Travel in Shackleton’s footsteps Christoph is headed to South Georgia next, to lead a South Georgia Island 5-day (45 km) crossing in Shackleton’s footsteps. This one you can join! Scheduled 18 October to 4 November 2010 (45 km) participants will travel with Oceanwide Expeditions’ ship, MS Plancius, from Montevideo to Ushuaia (South America) and from there to the island of South Georgia, only accessible by boat. This route has been done several times before, including by well-known climbers Reinhold Messner, Conrad Anker, Steven Venables, Colin Monteath and Dave Hahn. For more information contact Christoph: christoph.hoebenreich(a)aon.at.

ExWeb interview with Shaun Quincey, “As long as I beat Dad’s record on the Tasman Sea I am happy” In 1977, Colin Quincey crossed the Tasman solo, rowing 2200 km from Australia to New Zealand. He remains the only person to cross the Tasman solo and survive. Now his son, Shaun Quincey (25), is ready to row the reverse direction, solo in his father’s footsteps. ExWeb’s Correne Coetzer caught up with Shaun in Australia for a chat.

ExWeb interview with Colin Quincey, “Plan, plan, plan and then give it your best shot” It was 1977 with no GPS or iPod; he navigated with a sextant, sang songs and did maths while rowing across the Tasman Sea for 63 days. ExWeb next caught up with dad Colin to compare now and then.

ExWeb interview with Kelly Bush: Walk across America “2900 miles of lugging a backpack is what it boils down to.” On February 3, American Kelly Bush will start walking across America; from Los Angeles to New York City. Walking in aid of a charity set up in memory of a friend who took his own life, the Wounded Warrior Project, and “kind of practice for next November”, he told ExWeb’s Correne Coetzer that the plan is simply: “Walk… Walk… Walk…” Expect plenty of live route reports; born in 1981 Kelly is an Information Technology Consultant in Nashville, TN.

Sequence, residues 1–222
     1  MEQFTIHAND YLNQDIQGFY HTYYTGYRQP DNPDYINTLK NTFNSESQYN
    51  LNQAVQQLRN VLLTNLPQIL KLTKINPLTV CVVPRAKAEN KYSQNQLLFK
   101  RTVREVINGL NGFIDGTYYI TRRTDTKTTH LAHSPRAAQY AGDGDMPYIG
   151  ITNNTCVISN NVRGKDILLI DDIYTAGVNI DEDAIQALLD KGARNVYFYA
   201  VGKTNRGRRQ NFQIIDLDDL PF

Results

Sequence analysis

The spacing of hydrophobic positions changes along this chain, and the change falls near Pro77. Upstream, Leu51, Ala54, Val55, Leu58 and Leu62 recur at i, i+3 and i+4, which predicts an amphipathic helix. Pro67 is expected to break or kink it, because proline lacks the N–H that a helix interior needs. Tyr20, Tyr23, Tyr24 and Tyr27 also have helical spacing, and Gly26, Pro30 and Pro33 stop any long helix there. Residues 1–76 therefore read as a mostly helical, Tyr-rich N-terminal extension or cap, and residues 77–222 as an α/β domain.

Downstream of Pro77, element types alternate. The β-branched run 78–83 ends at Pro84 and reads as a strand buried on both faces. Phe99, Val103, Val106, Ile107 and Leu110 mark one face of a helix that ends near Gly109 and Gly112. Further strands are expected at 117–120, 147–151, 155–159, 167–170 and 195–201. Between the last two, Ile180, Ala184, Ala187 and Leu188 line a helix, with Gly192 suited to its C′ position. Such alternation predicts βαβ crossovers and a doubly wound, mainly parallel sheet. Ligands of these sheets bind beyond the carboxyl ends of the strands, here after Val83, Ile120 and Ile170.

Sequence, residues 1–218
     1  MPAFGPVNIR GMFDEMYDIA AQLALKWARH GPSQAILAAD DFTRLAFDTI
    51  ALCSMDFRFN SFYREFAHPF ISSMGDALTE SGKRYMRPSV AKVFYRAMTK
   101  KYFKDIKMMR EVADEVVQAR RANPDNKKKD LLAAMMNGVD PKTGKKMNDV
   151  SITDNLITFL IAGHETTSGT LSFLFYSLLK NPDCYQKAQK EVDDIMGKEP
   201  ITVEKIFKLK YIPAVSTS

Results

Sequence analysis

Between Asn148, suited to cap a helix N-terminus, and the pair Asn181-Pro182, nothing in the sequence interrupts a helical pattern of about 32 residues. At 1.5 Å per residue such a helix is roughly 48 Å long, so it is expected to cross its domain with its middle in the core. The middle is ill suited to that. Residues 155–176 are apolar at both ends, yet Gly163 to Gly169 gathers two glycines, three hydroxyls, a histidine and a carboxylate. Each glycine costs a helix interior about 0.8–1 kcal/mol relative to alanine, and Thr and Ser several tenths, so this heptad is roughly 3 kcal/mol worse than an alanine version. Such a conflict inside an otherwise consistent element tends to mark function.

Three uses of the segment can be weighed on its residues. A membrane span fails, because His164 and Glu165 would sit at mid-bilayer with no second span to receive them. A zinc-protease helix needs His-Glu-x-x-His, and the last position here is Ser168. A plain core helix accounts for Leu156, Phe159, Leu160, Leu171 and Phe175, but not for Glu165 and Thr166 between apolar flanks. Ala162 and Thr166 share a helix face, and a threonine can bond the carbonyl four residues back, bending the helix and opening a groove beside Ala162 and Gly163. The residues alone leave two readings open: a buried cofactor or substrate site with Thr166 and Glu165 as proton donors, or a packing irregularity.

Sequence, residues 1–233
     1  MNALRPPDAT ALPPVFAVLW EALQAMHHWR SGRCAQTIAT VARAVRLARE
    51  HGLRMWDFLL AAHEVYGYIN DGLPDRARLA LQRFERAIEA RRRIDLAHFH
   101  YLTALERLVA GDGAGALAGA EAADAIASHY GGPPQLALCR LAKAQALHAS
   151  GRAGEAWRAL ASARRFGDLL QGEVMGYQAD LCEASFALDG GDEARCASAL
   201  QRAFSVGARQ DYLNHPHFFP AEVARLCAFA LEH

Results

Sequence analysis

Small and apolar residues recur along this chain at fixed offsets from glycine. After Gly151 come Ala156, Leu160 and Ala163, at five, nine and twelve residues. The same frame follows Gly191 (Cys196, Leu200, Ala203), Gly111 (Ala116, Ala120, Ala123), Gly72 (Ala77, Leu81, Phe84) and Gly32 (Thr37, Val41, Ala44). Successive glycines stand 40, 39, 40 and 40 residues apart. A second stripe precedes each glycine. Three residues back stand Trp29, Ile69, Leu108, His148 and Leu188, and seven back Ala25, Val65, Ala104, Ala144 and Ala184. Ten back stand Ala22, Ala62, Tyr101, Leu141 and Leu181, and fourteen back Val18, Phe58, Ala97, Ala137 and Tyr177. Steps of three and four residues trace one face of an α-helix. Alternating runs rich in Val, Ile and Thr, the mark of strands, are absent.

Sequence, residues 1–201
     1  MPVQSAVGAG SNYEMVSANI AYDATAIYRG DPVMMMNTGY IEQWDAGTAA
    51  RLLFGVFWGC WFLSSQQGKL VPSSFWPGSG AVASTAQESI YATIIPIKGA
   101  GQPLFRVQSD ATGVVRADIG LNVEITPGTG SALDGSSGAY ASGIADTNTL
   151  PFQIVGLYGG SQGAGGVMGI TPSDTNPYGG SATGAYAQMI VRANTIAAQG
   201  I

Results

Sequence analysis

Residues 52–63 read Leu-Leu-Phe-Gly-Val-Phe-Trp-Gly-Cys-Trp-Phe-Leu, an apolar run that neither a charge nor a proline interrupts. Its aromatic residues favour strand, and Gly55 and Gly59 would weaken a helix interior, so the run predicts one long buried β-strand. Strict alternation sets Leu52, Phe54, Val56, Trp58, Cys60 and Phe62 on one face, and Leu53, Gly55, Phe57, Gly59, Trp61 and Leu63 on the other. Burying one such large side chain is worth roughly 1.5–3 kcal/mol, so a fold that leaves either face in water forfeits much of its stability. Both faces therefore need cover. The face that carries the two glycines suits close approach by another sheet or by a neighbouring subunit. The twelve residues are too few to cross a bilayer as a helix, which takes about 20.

ExWeb 2010 CES report: Life’s Good – here’s your new LG TV “You can never be too rich or too thin” pretty much wraps the 2010 Sin City consumer electronics show. The future will also come to who has the best touch and biggest bandwidth. But who’ll be the first to film Everest in 3D? And while simplifying is good, there is a thin line between that and downdumbing. Check out ExWeb’s 2010 CES report, also including disappearing acts worthy of a Las Vegas magic show.

* Polish Himalayas – Become a Fan

Exweb Week-In-Review is sponsored by HumanEdgeTech the world’s premier supplier of expedition technology. Our team helps you find ultra light expedition tech that works globally.

e-mail or call +1 212 966 1928

* Read these stories – and more! – at ExplorersWeb.com